Professor of Political Science Suzanne Ogden, an expert on China, discusses its changing power relationships with United States and the need for greater subtlety in our approach to a range of “China” issues.
Thirty years ago, China and the United States were just beginning to establish trade and economic relations. Now the two countries are economically interdependent. What led to this dramatic shift?
Since 1979, the combination of policy reforms that moved China away from a socialist command economy toward a market economy, plus substantial foreign direct investment in China, laid the foundation for China’s rapid growth.
As the United States continued to import substantially more than it exported to China, and simultaneously developed a huge budget deficit, the Chinese bought U.S. treasury bills so we could underwrite our debt—and our Chinese imports. This dependency on China to buy our debt has been exacerbated by a need for the U.S. government to fund the stimulus package to address the severe recession.
What is the instant snapshot on President Obama’s visit to China? Will it be looked at as successful? Why or why not?
President Obama’s visit was a success; but it needs to be seen in the context of a relationship in which American presidents have been going to China since President Nixon first went in 1972. The major purpose of this trip was to reflect Obama’s effort to treat China as an equal partner in addressing the world’s problems, rather than as a country to be hectored about improving its human rights record or revaluating its currency.
I happened to be in Shanghai when Obama was there, and from students to taxi drivers to Communist Party officials, there seemed to be universal delight in his visit. You might say there is a bit of Obama-mania there, with his image worked into paintings, sculpture, T-shirts and teacups.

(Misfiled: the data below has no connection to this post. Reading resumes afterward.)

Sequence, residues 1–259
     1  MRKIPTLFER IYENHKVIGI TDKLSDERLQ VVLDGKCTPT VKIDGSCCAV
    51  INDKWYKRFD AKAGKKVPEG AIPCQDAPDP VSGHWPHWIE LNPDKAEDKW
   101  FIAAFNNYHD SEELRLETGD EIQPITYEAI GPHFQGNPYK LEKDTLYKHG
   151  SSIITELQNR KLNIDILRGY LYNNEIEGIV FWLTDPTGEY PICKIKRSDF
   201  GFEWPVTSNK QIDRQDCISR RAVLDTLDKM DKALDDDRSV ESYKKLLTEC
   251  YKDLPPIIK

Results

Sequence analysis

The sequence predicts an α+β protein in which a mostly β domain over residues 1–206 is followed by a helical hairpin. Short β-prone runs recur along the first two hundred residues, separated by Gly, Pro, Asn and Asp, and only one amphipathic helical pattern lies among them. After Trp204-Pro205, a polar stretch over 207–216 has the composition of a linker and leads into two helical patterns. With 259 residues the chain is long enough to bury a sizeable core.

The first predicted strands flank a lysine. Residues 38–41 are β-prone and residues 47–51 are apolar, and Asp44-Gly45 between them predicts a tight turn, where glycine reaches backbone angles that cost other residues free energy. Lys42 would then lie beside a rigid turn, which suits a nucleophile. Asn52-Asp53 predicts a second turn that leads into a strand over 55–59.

What are the most divisive issues between the United States and China at present?
Because of the economic interdependency of the two countries, the United States is in no position to fuss about most issues that roiled the relationship in the past. The Obama administration wants China to help as a respected partner in managing major economic and financial issues, as well as climate change challenges. Nevertheless, if there is one concern, it is China’s efforts to invest in and gain control over natural resources in various parts of the world; but there is little we can do to stop these investments, which really differ from our own only in that they are usually done by state-owned enterprises.
Given China’s current economic power and our debtor-nation status, what leverage does the United States have in getting them to change policies with which we disagree?
We have very little leverage at this point, except to the degree we can convince China that what we want it to do is in its own interests as well.
Are we witnessing an inexorable shift in world power, from the United States to China?
The history of the rise of powers has shown that the “energy” of civilizations has steadily moved over time. As recently as the 20th century, after all, power shifted from Europe to the United States. China is decidedly a rising power, but so far it has shown no interest in wasting resources by asserting military power that would challenge the American military predominance.
Like Japan after World War II, China knows it can get almost everything it wants through economic and financial instruments, as well as “soft power”—diplomacy, educational and cultural exchanges—without firing a single shot.
Regardless, we cannot say the shift in world power is “inexorable,” as we cannot predict any one single event or series of events that might trigger instability and/or economic decline in China.